Microsoft today announced that they have added the Win32/Zemot family to the Malicious Software Removal Tool. The Win32/Zemot family of trojan downloaders are used by malware such as Win32/Rovnix, Win32/Viknok, and Win32/Tesch with a number of different payloads. Zemot is usually distributed through the spambot malware Win32/Kuluoz and through the exploit kits Magnitude EK and Nuclear EK. You can see the infection chain above.
We started seeing activity from TrojanDownloader:Win32/Upatre.B in late 2013 and identified this threat as the main distributor of the click fraud malware PWS:Win32/Zbot.gen!AP and PWS:Win32/Zbot.CF. We renamed the downloader to Zemot in May 2014.
By taking into account both the machine and the file count telemetry, we can see that a single copy of Zemot is often mass distributed to the payload URLs (the download URLs for Win32/Kuluoz and the payload URL for the exploit kits).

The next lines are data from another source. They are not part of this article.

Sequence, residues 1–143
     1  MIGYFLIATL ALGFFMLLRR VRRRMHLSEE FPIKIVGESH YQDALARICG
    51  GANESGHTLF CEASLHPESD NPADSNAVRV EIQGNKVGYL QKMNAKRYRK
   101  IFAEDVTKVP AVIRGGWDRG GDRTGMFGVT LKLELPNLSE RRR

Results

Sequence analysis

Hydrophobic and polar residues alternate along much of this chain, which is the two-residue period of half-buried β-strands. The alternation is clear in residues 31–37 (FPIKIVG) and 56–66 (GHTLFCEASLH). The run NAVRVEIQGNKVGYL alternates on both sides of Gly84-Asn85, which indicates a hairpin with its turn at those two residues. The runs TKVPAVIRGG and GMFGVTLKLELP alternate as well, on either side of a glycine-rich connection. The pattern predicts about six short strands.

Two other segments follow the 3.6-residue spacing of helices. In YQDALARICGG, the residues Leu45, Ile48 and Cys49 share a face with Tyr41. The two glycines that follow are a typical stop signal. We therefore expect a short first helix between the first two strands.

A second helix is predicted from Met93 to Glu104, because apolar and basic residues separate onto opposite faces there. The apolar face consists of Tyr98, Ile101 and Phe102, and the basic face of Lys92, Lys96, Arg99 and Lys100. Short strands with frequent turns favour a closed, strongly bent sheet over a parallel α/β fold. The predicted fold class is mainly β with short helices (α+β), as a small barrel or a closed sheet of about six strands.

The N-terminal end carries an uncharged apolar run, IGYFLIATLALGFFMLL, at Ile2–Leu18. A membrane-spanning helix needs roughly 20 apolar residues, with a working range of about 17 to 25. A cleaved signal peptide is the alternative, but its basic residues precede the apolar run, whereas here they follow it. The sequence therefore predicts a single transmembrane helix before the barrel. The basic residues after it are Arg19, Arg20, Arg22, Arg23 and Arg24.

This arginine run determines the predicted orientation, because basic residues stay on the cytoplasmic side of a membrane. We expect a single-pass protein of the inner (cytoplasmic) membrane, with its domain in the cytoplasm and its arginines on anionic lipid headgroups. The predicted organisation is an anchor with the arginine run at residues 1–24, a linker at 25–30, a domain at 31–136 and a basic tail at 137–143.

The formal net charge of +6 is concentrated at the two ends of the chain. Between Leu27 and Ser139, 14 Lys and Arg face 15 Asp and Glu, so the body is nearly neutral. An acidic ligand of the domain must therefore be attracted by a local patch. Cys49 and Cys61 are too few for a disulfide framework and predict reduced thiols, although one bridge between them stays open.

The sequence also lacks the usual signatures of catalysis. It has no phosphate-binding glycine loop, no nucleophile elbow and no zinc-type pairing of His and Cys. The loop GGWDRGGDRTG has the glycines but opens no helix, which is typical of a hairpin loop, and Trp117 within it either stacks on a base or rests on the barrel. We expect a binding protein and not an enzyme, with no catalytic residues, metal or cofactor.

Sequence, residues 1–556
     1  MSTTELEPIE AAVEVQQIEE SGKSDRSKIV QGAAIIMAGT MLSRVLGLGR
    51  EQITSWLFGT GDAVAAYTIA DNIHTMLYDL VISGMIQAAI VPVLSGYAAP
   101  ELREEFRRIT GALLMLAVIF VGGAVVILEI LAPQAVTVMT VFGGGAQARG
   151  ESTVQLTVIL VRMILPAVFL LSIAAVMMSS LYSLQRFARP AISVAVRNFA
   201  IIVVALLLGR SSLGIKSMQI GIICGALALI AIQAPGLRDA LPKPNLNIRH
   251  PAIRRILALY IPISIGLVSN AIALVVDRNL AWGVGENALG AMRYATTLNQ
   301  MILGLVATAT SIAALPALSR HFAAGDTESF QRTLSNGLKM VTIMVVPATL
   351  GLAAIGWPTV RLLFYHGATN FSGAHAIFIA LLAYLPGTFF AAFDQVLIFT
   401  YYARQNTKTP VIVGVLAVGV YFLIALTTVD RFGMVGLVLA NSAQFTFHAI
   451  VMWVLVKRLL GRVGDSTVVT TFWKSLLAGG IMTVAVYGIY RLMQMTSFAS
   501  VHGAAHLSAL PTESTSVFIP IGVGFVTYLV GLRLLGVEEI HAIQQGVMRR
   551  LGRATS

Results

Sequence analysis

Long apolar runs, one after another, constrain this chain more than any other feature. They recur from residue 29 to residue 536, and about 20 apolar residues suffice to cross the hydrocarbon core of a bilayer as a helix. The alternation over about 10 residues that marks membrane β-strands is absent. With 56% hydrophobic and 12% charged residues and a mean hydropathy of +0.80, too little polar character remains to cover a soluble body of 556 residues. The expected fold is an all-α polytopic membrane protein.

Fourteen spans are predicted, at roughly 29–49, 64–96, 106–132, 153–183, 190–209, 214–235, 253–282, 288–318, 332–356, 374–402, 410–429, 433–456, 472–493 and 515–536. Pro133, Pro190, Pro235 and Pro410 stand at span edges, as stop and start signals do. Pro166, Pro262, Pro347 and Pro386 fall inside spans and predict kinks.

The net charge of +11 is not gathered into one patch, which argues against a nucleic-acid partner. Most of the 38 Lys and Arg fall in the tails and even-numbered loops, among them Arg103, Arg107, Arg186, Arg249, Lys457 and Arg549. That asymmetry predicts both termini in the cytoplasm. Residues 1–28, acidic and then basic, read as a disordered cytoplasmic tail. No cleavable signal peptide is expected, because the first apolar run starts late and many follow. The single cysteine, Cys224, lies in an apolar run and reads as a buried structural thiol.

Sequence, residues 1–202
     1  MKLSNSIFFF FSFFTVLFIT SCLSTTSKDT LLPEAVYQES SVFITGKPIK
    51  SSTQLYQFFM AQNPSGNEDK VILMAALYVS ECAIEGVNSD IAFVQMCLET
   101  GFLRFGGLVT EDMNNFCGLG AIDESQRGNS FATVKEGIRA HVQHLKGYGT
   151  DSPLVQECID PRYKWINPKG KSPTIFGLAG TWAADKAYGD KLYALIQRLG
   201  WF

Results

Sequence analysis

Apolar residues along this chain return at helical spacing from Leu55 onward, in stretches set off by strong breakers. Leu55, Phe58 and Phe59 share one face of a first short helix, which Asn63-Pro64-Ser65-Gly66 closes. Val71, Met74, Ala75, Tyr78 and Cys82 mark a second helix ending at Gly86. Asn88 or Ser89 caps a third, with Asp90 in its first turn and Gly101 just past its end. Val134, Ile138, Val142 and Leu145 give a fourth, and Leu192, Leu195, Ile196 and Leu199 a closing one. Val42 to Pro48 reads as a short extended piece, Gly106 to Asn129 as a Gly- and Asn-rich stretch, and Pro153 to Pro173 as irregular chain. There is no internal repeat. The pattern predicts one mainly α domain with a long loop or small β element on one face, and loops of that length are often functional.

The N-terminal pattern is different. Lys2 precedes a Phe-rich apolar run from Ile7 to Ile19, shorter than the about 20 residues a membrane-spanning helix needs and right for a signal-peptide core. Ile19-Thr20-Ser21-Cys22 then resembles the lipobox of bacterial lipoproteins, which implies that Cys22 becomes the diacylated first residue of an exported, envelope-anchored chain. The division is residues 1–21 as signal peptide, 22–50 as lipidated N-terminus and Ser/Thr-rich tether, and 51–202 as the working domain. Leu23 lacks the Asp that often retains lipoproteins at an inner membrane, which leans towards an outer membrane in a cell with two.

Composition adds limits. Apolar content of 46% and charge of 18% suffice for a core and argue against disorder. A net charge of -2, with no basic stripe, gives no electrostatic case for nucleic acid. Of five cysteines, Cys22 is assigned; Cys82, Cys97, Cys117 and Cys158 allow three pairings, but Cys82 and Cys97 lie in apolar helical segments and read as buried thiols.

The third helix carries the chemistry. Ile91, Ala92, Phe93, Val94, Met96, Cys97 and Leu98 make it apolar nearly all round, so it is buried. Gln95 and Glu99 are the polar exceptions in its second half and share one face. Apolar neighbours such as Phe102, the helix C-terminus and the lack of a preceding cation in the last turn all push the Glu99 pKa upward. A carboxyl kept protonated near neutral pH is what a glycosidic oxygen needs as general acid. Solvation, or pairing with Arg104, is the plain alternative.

Some other notable characteristics of the Zemot family include:
- They use several techniques to make sure the downloaded module will be successful on all Windows platforms.
- Each successful download is saved with a unique file name to allow for multiple infections.
- Major variants vary in their static configuration format and download file name format (for example: java_update_<random>.exe, updateflashplayer_<random>.exe).
- Modules such as getting the OS version, user privilege, URL parsing and the downloading routine are taken from the Zbot source code.
- Variants can be bundled with other malware (one trojan downloader can distribute multiple malware payloads).
Read more from the link below.